12. Unbelievable arrogance. It was Mark Hoban who refused to listen to ANY comments received from the IFA community. It was Mark Hoban who set himself up as the protector of the people. His selective memory of his role in the RDR debate is breathtaking!

  13. goodness gracious 12th March 2014 at 10:06 am

    what concerns me is the assumption that on-line advice can be in any way good advice. Research, tailoring need to risk to product is complex and starts with the right questions being asked and answers verified, narrowed down and placed in order of importance. Have you had a new client come in and say ‘I have 30k to invest, medium risk, for 5 years plus, what investments do you recommend? Only if it was a mystery shopper. My first question would be: how did you come to that conclusion? Tell me more!
    Can a computer programme do this? Can a programme look at all factors and existing investments? If most risk programmes out there are often wrong in their conclusions and risk is a measure of past returns, with volatility, measured by arbitrary value judgements promoted by other programme providers, and has limited relevance for the future, how will on line advice work? Can it review or does it provide a flog and forget solution? Is this just a play by big corporations, who failed to provide fair and comprehensive advice to their customers via a human interface, trying to find another way to extract more from customers back pockets without getting the blame. Danny, why could you not have thought things through when promoting RDR.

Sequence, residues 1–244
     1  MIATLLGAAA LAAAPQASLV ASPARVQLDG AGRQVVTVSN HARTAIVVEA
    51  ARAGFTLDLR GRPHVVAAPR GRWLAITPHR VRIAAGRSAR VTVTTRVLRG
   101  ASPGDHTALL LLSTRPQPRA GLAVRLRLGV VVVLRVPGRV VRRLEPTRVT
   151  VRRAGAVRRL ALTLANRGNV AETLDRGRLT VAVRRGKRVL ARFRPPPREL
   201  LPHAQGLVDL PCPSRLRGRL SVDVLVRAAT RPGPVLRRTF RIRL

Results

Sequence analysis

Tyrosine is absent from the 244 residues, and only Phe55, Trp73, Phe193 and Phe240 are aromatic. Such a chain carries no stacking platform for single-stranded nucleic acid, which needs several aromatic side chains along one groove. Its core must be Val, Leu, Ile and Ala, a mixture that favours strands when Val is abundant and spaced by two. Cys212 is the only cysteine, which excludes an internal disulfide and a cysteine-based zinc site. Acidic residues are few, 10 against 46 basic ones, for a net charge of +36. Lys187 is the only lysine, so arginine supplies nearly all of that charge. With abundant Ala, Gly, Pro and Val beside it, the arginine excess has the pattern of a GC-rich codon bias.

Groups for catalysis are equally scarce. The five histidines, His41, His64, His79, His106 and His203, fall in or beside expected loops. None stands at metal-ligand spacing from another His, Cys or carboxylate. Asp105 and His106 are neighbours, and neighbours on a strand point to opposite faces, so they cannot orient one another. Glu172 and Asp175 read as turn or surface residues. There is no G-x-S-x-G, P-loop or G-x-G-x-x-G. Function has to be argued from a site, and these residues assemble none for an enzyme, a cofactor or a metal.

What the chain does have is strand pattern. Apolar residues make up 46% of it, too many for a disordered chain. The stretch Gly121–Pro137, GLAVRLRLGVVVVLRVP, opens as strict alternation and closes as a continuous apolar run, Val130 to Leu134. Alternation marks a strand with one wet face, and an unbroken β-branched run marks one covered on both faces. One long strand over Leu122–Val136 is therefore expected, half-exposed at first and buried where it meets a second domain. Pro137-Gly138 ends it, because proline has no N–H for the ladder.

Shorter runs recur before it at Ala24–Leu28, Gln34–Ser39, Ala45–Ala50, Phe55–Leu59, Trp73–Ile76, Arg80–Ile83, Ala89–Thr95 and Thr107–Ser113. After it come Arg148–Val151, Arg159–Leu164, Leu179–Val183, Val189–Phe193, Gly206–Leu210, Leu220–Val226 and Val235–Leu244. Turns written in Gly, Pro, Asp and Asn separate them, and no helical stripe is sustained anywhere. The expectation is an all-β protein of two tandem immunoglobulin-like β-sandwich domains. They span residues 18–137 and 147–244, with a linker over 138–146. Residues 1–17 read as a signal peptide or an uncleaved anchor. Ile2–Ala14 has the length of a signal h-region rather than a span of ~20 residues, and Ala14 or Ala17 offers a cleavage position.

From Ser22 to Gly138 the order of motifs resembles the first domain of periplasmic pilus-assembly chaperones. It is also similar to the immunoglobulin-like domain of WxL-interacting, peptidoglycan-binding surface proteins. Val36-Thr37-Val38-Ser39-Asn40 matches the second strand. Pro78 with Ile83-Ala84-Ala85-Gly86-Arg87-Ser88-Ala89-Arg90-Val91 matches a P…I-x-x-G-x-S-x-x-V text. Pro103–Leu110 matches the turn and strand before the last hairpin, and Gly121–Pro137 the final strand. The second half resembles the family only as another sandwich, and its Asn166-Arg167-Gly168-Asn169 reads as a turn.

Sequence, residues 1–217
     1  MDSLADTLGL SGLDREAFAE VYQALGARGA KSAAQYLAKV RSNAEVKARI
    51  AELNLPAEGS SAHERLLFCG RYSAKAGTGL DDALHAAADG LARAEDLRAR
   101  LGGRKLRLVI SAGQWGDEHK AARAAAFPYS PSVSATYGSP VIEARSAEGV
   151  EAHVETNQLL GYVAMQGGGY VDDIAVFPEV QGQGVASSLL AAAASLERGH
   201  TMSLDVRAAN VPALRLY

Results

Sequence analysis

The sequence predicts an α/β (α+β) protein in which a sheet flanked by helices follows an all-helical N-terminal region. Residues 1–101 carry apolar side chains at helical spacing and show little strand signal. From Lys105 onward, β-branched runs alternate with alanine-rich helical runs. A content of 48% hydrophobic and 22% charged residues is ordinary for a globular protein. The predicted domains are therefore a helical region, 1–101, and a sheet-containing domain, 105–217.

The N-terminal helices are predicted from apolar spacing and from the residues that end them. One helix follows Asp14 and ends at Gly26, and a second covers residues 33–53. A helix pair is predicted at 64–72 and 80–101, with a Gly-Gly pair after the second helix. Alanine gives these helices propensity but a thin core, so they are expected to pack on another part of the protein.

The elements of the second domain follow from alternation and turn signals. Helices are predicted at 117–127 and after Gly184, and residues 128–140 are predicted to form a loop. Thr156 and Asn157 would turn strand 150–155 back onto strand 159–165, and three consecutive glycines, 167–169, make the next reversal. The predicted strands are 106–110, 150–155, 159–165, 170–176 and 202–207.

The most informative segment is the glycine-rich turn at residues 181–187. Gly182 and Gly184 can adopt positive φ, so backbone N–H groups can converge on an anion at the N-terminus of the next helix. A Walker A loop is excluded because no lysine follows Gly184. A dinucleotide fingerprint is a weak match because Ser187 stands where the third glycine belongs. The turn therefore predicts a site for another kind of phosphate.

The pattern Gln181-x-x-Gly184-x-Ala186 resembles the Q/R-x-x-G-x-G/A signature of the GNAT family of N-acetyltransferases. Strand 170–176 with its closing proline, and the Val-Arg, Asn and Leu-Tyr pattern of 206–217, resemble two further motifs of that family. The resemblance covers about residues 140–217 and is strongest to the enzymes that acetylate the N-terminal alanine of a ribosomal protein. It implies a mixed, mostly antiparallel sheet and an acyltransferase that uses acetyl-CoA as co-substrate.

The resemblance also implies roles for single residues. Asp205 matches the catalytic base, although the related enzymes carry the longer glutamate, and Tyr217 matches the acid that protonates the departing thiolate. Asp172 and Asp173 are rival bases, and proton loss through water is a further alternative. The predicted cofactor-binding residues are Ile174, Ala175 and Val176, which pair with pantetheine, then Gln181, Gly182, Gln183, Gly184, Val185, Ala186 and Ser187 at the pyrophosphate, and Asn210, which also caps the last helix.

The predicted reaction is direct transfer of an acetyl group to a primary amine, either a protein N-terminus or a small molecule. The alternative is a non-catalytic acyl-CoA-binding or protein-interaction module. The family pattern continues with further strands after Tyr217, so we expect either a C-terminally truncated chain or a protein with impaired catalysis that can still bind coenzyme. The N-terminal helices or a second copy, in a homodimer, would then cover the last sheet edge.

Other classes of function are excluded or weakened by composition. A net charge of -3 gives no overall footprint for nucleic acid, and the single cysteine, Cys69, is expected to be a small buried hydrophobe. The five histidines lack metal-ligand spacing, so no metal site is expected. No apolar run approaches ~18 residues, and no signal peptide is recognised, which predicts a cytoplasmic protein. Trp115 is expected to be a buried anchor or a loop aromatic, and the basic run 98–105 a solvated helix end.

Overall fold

14. Nicole Barnfield 12th March 2014 at 10:18 am

    The McDonald’s Corporation is the world’s largest chain of hamburger fast food restaurants, serving around 68 million customers daily in 119 countries. With McDonald’s, you can harness the power of both global and local innovations to drive your business’ growth. Most fast food chains have such items, if you only know to ask for them.